Oklahoma School Readiness Reach-by-Risk Report, 2016 (ICPSR 36780)

Principal Investigator(s):

Summary:

The Oklahoma School Readiness Reach-by-Risk Report 2016 serves as the third and final publication in the series and updates data published in 2015. The Report is intended to provide policy makers and other early childhood education stakeholders with the most current data available on multiple school readiness risk factors across multiple domains, and the reach of services provided in each of the state's 77 counties. This Report is a continued effort to highlight counties whose children are at the greatest risk of starting kindergarten unprepared to learn, and counties that are underrepresented in terms of the quality of early childhood education and child care services. This report is divided into two main sections, Risk and Reach. The Risk section consists of an analysis of nine socioeconomic and demographic indicators found by empirical research to increase a county's risk for poor school preparedness. The Reach section assesses the county-level service density of six early childhood programs and services designed to contribute to the cognitive and social-emotional development of young children. This Report provides current data on factors that place children at risk of being unprepared for school compared to the reach of several services and programs that promote school readiness. As in previous reports, an analysis of changes in risk and reach classifications between 2015 and 2016, including risk rank percentile changes is also included.

Series: Oklahoma School Readiness Reach-by-Risk

Access Notes

  • The public-use data files in this collection are available for access by the general public. Access does not require affiliation with an ICPSR member institution.

  • Child Care & Early Education Research Connections

    This study is provided by Child Care & Early Education Research Connections.

Citation

Lazarte-Alcala, Naneida, and Kailee James. Oklahoma School Readiness Reach-by-Risk Report, 2016. ICPSR36780-v1. Ann Arbor, MI: Inter-university Consortium for Political and Social Research [distributor], 2017-05-05. https://doi.org/10.3886/ICPSR36780.v1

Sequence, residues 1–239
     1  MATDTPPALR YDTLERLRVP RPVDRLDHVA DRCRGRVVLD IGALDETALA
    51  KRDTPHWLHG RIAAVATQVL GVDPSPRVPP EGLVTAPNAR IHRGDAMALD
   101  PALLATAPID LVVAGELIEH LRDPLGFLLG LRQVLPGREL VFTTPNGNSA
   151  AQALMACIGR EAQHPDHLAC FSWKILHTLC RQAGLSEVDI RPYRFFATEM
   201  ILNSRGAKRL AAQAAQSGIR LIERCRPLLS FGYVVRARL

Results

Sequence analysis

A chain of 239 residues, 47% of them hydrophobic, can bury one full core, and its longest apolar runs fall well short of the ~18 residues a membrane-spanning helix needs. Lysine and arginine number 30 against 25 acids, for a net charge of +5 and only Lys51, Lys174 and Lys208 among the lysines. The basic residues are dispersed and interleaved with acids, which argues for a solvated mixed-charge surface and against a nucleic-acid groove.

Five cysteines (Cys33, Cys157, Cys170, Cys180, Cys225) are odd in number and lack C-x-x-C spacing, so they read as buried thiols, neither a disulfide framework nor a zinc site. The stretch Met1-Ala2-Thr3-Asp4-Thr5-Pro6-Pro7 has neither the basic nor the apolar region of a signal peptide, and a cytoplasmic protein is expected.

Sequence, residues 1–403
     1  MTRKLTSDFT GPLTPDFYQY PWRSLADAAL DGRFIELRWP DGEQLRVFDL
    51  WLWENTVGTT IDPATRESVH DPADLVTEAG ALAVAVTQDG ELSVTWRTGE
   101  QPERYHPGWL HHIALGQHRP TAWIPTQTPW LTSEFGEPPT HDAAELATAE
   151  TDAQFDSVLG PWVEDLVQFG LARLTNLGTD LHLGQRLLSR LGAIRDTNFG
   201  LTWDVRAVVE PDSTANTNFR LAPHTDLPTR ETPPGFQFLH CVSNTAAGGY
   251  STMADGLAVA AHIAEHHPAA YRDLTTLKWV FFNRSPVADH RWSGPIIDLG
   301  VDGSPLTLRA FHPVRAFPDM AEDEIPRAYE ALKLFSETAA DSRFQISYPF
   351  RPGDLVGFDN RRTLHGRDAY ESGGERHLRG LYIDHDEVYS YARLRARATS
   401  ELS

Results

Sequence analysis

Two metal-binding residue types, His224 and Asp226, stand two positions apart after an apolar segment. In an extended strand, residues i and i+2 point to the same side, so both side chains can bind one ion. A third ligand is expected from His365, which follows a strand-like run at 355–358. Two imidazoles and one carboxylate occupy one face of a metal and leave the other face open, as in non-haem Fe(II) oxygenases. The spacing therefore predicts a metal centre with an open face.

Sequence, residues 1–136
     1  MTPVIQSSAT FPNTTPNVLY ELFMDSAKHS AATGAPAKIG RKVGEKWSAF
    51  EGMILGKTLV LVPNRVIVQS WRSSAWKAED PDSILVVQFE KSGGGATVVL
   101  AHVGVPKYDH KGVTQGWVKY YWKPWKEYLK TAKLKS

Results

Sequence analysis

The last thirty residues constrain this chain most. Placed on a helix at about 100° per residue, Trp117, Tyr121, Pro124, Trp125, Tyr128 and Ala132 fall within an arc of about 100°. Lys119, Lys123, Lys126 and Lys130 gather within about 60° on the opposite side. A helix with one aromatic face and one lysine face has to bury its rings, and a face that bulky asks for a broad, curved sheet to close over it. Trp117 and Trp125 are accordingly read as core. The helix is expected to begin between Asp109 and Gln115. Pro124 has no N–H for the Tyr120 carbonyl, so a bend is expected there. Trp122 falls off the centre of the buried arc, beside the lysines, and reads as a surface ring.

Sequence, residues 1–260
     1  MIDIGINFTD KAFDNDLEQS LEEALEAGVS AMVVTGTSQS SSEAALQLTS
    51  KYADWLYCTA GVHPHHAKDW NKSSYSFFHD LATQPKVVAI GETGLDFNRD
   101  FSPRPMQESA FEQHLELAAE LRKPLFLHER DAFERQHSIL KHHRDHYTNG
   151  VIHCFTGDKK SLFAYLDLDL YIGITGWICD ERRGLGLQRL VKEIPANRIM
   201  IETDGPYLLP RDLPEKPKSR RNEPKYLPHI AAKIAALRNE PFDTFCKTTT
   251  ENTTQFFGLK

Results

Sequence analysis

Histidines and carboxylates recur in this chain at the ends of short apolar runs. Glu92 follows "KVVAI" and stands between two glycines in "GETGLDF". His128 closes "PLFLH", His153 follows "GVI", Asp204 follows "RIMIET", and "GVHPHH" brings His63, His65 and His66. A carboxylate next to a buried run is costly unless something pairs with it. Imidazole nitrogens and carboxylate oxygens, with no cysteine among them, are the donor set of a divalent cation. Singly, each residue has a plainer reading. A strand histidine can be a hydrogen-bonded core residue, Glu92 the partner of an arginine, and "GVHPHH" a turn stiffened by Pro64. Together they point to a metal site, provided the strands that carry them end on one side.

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Dataset(s)

DS0:  Study-Level Files
Documentation:
DS1:  Risk-Indicator Data - Download All Files (38.055 MB)
Documentation:
Download:
SAS    SPSS    Stata    R    ASCII    Excel/TSV
ASCII + SAS Setup    SPSS Setup    Stata Setup   
Analyze Online:
DS2:  Reach-Indicator Data - Download All Files (38.731 MB)
Documentation:
Download:
SAS    SPSS    Stata    R    ASCII    Excel/TSV
ASCII + SAS Setup    SPSS Setup    Stata Setup   
Analyze Online:

Study Description

Funding

This study was funded by:

  • United States Department of Health and Human Services. Administration for Children and Families. Office of Planning, Research and Evaluation (90YE0149-01-01)

Scope of Study

Subject Terms:   child care, child development, child support, children, education, educational assessment, ethnicity, parent child relationship, parenting skills, school age children, school readiness, socialization, socioeconomic status

Smallest Geographic Unit:   Oklahoma counties

Geographic Coverage:   Oklahoma, United States

Time Period:  

  • 2015--2016

Date of Collection:  

  • 2016

Unit of Observation:   77 counties in the state of Oklahoma

Universe:   County-level data from Oklahoma on children who are under the age of six.

Data Types:   administrative records data, aggregate data, census/enumeration data

Data Collection Notes:

This is the third and final publication in the Oklahoma School Readiness Reach-by-Risk Report series. The previous two from 2014 and 2015 can be found using the following study numbers: 35219, 36378.

Methodology

Study Purpose:   The purpose of the Oklahoma School Readiness Reach-by-Risk Report 2014, is to provide policy makers and other early childhood stakeholders with current data on factors that place children at risk of being unprepared for school and on the reach of services and programs that promote school readiness for each of the state's 77 counties.

Study Design:   For each indicator, data at the state and county levels were collected from multiple secondary sources and reported as proportions of relevant populations (e.g., percent of live births to mothers with low levels of education). Data were statistically analyzed using multivariate techniques to create components, or "sets" of factors that most closely correlated with each other and that significantly explained school readiness, with third-grade reading proficiency used as a proxy of readiness. Reach was assessed by requesting data for early education programs, such as Head Start (HS), Early Head Start (EHS) and the state's universal pre-kindergarten program; early childhood home visitation programs, such as SoonerStart, the state's IDEA Part C - Early Intervention program; and child care services.